Doctors who fear their own death say they are more prepared than other doctors to hasten death in sick newborns for whom further medical treatment is considered futile, reveals research published ahead of print in the Fetal & Neonatal Edition of Archives of Disease in Childhood.
The findings are based on an anonymous survey of 138 doctors specialising in the care of sick newborns (neonatologists) across Australia and New Zealand.
The doctors were asked questions about their ethical practice and to complete the Multidimensional Fear of Death Scale (MFODS), which measures different facets of personal fear of death.
Of the 138 doctors contacted, 78 (56%) completed the questionnaire. Virtually all of them said they sometimes withheld or withdrew life-sustaining treatment in newborns with severe mental and/or physical disability and those for whom further medical treatment was considered to be "overly burdensome" or futile.
They said they used painkillers or sedatives in both situations to alleviate pain and suffering, but without intending to hasten death.
But one in three specialists was prepared to use painkillers or sedatives to relieve pain and suffering by intentionally hastening death in newborns with severe disability.
And more than three out of four were prepared to hasten death for this purpose in babies for whom further treatment was considered futile.
In this situation, they preferred to use painkillers or sedatives to hasten death rather than withhold minimal treatment, such as tube feeds or oxygen, in a bid to prevent unnecessary pain and suffering.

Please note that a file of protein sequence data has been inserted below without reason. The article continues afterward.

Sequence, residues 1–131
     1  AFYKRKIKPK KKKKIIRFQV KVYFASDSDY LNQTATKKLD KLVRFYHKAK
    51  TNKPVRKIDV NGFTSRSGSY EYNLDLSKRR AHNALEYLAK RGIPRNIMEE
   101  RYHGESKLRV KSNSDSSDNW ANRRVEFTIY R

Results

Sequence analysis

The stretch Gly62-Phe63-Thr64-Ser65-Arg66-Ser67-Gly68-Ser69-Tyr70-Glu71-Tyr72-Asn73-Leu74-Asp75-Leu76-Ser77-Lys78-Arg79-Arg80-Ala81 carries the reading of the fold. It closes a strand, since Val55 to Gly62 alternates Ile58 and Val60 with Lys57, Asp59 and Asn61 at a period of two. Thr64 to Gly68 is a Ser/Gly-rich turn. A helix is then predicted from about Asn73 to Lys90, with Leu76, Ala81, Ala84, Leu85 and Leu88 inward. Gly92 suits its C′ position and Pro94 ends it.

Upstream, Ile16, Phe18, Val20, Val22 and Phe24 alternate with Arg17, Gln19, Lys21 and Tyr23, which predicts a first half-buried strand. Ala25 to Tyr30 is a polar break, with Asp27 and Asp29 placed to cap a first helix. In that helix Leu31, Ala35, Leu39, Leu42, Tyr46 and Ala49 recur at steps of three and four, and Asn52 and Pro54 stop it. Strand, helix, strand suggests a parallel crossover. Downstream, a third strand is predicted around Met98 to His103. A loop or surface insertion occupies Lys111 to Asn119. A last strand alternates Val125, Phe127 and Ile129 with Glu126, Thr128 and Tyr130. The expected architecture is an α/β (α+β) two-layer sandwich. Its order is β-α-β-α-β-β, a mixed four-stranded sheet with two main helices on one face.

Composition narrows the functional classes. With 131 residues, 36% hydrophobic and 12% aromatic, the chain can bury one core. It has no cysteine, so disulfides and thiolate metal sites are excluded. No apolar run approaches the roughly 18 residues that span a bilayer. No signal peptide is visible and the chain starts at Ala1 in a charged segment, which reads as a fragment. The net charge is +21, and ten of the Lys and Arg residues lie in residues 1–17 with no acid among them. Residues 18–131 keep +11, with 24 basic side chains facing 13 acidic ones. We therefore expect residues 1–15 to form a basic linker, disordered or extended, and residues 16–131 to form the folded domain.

But one in five neonatologists said that hastening death in this context was unacceptable by either means.
There was a link between the neonatologists' personal fear of death and their ethical practice.
Doctors who said they were not prepared to hasten death had significantly less fear of the "dying process" and of "premature death" than those prepared to hasten death with painkillers or sedatives. But they had significantly more "fear of being destroyed."
The author suggests that doctors' fear of the dying process or of premature death may unconsciously motivate them to hasten a newborn's death in order to relieve their own death anxiety.
Similarly, those who fear being "destroyed" may not be prepared to hasten death, because of their own fears, even though this may be the most humane way to relieve a newborn's suffering.
In an accompanying editorial, Martin Ward Platt points out that the findings should not be interpreted as indicative of rampant euthanasia on neonatal units.
Rather, he says, the study shows that "In relation to neonatal death and dying, doctors' fear, or lack of it, matters. It matters because it can influence clinical judgements."
He adds: "Recognising this difference is an important aspect of self knowledge, and there is a case to be made for all of us to be more open about it."
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